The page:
Making world a better and safer place for children

| Updated: October 24, 2017 13:55:39

Making world a better and safer place for children

He is not a charismatic person. Most unassuming, the man's look, however, betrays his erudition and high profile as a social and child rights activist. Many have campaigned against social and economic inequality down the history of human civilisation. But few have put forward arguments as convincingly and with as much conviction as he does. It is an inner glow radiating from a vision of the future that really helps him go about the business so confidently. It is exactly for this reason, a humble man Kailash Satyarthi can take the fight to the most powerful and rich people without giving the slightest indication that he is an adversary to them. In fact, his campaign is so unpretentious that even the perpetrators feel embarrassed in his presence for the monumental follies they commit. 
In his keynote speech at the 136th congregation of the Inter-parliamentary Union (IPU) held in Dhaka, it was no exception. He made a case for greater investment in child education. His is a simple argument in favour of education for all children of the world. Only $22 billion is enough for education of the world's children. He poses the question, 'is the world so poor that it cannot spend this amount of money on education of children?' He then adds, the amount is equivalent to three and a half days' defence budget of the world. 
He rightly reasons that deprived of education and a decent living, children are more likely to grow violent. As many as 9,000 children are dying due to hunger and poverty everyday across the world. Satyarthi accuses the world for not being caring enough to protect these children. He does not consider this natural death but plain murder. Children by no means are responsible for such untimely death but the adults are who start and prolong wars, the fallouts of which are the prime cause of their death. 
Those who survive to experience the hostility of society hardly find an avenue to realise their potential. It is not a failure of the young ones; it is the failure of the state in which they are born and brought up. A man of his calibre alone can declare that children have no colour, race and religion. They are equal to each other. Subjecting them to neglect is a crime, let alone abusing them and forcing them to labour. Each child is full of energy with unlimited possibility. When the state fails to make good use of their energy and potential, they have every chance of unleashing those for destructive purposes. An answer to the rise of militancy surely lies here.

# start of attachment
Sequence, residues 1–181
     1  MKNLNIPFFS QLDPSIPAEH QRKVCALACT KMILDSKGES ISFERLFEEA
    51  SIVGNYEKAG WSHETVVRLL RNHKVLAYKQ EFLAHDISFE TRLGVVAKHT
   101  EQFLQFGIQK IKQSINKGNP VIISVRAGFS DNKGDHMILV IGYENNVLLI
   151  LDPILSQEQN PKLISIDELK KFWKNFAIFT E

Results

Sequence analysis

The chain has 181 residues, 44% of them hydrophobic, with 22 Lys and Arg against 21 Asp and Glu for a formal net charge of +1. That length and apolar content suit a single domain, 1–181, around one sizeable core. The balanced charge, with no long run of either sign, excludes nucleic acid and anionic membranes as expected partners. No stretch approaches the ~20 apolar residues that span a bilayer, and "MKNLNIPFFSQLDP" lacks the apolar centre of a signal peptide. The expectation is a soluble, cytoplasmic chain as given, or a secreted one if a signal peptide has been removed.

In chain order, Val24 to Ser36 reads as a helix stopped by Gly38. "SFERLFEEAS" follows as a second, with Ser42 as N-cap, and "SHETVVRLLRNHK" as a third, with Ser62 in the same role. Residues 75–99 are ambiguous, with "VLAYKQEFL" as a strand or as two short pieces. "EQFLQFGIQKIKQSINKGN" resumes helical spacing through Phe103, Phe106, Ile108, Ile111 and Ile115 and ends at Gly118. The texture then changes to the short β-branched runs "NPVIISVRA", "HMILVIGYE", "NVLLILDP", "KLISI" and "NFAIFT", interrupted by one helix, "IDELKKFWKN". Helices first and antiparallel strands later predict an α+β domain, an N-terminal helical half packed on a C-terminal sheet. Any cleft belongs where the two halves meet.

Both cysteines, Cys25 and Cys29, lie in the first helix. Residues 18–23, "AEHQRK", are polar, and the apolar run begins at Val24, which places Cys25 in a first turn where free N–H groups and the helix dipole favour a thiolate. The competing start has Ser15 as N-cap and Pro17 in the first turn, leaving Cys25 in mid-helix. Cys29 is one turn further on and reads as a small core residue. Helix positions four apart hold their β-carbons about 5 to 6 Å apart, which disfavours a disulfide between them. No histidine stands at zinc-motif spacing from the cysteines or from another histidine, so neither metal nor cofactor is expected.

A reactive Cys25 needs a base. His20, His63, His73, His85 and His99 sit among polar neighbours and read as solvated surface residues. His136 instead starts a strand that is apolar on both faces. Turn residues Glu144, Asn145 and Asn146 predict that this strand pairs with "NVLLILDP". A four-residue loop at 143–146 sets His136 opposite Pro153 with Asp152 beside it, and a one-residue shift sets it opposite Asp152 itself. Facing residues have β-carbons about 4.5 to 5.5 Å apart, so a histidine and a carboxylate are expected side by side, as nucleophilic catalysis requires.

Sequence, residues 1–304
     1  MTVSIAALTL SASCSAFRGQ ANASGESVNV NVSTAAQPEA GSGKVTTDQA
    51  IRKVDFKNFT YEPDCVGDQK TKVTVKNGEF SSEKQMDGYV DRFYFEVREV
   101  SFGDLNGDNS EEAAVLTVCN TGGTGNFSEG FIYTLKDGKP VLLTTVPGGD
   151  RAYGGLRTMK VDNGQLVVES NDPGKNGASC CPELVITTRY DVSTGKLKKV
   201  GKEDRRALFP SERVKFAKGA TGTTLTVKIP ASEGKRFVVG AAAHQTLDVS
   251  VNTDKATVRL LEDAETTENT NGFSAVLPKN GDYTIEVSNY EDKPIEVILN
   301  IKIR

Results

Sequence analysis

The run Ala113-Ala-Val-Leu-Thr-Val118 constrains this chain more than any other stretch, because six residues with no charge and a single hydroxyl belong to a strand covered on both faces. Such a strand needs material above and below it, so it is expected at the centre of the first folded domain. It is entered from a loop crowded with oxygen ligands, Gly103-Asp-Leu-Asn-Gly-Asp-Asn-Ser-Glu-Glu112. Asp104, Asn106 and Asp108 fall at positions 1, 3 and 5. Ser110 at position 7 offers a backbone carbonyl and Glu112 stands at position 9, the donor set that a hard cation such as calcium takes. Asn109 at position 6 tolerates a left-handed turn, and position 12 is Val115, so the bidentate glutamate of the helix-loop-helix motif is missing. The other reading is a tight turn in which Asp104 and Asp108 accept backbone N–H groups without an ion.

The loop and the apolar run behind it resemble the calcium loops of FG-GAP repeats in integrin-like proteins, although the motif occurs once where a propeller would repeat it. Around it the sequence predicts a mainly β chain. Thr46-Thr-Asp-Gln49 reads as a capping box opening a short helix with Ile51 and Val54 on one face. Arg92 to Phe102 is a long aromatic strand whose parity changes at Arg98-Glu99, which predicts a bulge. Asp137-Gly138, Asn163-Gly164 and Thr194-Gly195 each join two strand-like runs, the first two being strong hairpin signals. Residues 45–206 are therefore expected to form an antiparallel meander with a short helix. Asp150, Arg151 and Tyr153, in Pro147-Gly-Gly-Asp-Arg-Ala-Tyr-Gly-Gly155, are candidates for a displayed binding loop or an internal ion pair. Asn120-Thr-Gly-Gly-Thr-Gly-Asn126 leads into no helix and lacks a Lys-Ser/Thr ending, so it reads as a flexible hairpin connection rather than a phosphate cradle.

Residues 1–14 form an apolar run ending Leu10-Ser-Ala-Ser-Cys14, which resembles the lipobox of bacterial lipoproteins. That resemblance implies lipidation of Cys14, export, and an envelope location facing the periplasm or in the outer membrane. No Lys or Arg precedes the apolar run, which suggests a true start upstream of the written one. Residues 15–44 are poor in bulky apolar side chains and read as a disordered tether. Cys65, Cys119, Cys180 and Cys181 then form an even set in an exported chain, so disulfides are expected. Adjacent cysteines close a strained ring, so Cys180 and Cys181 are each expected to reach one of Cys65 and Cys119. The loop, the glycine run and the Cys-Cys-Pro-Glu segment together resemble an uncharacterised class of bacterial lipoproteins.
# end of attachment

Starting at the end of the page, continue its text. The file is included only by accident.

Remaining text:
Deprivation of education and opportunities is at the root of socio-economic disparities all over the world. The Nobel laureate observes that the reason behind yawning income gap is lack of education and opportunities. Now the brazen maldistribution of wealth has assumed the form of an economic violence. Or else, wealth possessed by only eight superrich persons would not have been equal to the total owned by half of the world population. Instead of inequality in income getting reduced, it is rising alarmingly. Satyarthi cites an example on the rising inequality in income. Earlier the ratio of income distribution between the top management and worker was 20:1 but now it has become 200:1. 
Satyarthi does not need to tell how the world is edging towards intolerance, friction, hostility and violence. Anyone can see that the world is likely to find itself in a man-made deeper turmoil. Rising discriminations and disparities can thus explain a segment of young people's fatal addiction to violence and militancy out of frustration. Unless the economic or income disparities are addressed in an effective way to bring those to a tolerable level, world peace will always be under threat. Mistrust and hatred will sour relations between and among peoples. 
At the IPU conference, the right people were in the audience Satyarthi addressed. He was quite aware of this and appealed to the people's representative to start working for children in their respective country. Before it is too late, focus should be on child education and health. It is time the concept of development put children at the centre so that the process of economic disparities stood no chance of diminishing a nation's prospect on account of neglect to children. 
He has called upon the members of parliament of the world to join in a campaign the Nobel laureates have initiated. It is his fervent request that the parliamentarians visit schools in their localities everywhere on September 20 next and spend time with children. The Nobel laureates will do the same. What a nice idea! To be among the school children in one's locality itself is a great event for both MPs and children. But will it be hassle-free? The need is to go to them in a humble manner and mix freely with them so that children can consider such dignitaries mere friends. This is unlikely to happen under the present circumstances. 
Satyarthi may not have mentioned the purpose of such a visit. But all he will hope is that the people's representatives educate themselves in the Tolstoyan philosophy of getting down to the status of children to book a passage to heaven. In this context, the grownups need to learn more from children than the vice versa. There indeed lies the key to making the world a better place to live in.                 
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